Tailbone Book, Chapter 13: Cancer Causing Coccyx Pain, Tailbone Pain.

Tailbone Book, Chapter 13: Cancer (Malignancy) Causing Tailbone Pain, Coccyx Pain
  • Is your Tailbone Pain Caused by Cancer???
  • This is the next in a series of coccyx pain videos, giving you highlights from the chapters of Dr. Foye’s book, “Tailbone Pain Relief Now!”
The actual VIDEO is at the bottom of this page.
Here is the TEXT from the video: ….. PENDING…..  :-)
Here is the actual VIDEO:

Here is the screenshot thumbnail image for the video:
Chapter 13 of Tailbone Pain Book, CANCER Causing Tailbone Pain, Malignancy Causing Coccyx Pain

Chapter 13 of Tailbone Pain Book, CANCER Causing Tailbone Pain, Malignancy Causing Coccyx Pain


To get your copy of the book “Tailbone Pain Relief Now!” go to: www.TailboneBook.com
For more information on coccyx pain, or to be evaluated at Dr. Foye’s Tailbone Pain Center in the United States, go to: www.TailboneDoctor.com

Soft vs Hard Cushions for Tailbone Pain, Coccyx Pain. Which cushion is best?

How Hard Should your Cushion be for Coccyx Pain, Tailbone Pain?
Should your Tailbone Cushion be Softer or Harder? Which cushion is best?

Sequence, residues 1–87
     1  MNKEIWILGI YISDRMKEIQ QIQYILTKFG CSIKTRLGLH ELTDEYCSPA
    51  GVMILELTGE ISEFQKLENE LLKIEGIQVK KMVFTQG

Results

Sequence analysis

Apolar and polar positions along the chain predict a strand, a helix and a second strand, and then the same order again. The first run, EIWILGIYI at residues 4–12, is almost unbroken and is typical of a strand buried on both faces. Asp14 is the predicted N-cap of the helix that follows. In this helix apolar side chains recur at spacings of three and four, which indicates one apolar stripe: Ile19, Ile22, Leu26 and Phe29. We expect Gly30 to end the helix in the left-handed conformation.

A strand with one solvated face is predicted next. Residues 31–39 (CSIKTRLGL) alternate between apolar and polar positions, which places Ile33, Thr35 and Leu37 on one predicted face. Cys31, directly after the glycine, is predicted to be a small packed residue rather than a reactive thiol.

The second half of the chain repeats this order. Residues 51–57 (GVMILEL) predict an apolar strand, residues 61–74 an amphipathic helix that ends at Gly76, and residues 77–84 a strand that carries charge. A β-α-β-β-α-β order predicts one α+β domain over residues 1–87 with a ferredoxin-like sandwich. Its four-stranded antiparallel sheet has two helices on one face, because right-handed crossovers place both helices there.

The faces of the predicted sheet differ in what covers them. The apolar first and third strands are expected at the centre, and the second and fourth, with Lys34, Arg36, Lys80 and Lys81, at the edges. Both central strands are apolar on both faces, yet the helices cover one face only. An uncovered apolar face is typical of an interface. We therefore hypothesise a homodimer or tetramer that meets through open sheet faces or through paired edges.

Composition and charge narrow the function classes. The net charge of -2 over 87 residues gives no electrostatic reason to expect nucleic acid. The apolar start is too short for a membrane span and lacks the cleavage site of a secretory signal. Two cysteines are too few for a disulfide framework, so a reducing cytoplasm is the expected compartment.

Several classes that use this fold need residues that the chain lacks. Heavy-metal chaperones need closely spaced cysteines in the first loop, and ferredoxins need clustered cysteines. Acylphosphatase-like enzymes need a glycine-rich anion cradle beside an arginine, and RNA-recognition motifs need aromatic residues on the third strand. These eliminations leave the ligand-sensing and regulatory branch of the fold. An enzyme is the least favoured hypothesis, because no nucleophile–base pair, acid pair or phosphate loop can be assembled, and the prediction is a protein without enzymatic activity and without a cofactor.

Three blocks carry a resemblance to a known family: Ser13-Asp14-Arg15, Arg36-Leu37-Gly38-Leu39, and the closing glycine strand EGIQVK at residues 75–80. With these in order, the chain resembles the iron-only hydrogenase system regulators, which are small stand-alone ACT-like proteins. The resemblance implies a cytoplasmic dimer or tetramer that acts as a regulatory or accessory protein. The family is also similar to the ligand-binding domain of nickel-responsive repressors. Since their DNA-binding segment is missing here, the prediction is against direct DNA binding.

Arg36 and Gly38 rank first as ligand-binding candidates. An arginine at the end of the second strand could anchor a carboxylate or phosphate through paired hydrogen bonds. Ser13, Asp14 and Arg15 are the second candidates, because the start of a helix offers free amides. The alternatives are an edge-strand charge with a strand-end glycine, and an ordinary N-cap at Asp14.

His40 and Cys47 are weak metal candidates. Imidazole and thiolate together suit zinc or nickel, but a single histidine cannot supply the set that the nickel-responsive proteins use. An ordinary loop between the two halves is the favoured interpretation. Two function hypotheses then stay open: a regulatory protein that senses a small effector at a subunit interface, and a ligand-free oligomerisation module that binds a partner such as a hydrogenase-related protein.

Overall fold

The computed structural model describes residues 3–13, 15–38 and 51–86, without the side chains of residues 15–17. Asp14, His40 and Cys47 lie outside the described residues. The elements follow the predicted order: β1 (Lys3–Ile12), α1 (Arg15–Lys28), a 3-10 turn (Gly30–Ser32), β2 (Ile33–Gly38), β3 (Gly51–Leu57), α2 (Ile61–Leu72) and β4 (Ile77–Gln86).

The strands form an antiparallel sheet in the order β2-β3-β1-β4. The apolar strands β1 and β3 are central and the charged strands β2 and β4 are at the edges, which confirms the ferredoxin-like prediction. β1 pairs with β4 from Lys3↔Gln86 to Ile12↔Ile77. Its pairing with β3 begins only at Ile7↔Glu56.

Many patients ask me about what is the “best” cushion for them to sit on to help decrease their coccyx pain (tailbone pain, coccydynia).

In this video, I review a coccyx cushion that comes in 3 different levels of firmness: Soft, Medium, and Firm.

I comment on the pluses and minuses of each level of firmness.

Screenshot from the video:

How HARD should your CUSHION be for Tailbone Pain, Coccyx Pain?

How HARD should your CUSHION be for Tailbone Pain, Coccyx Pain?

 


GET THE BOOK: To get your copy of the book “Tailbone Pain Relief Now!” go to: www.TailboneBook.com  or go to Amazon.

COME FOR RELIEF: For more information on coccyx pain, or to be evaluated in-person at Dr. Foye’s Tailbone Pain Center in the United States, go to: www.TailboneDoctor.com

- Patrick Foye, M.D., Director of the Coccyx Pain Center, New Jersey, United States.

 

Book Now Available! Click on the book to get it now:


Get the Book at www.TailbonePainBook.com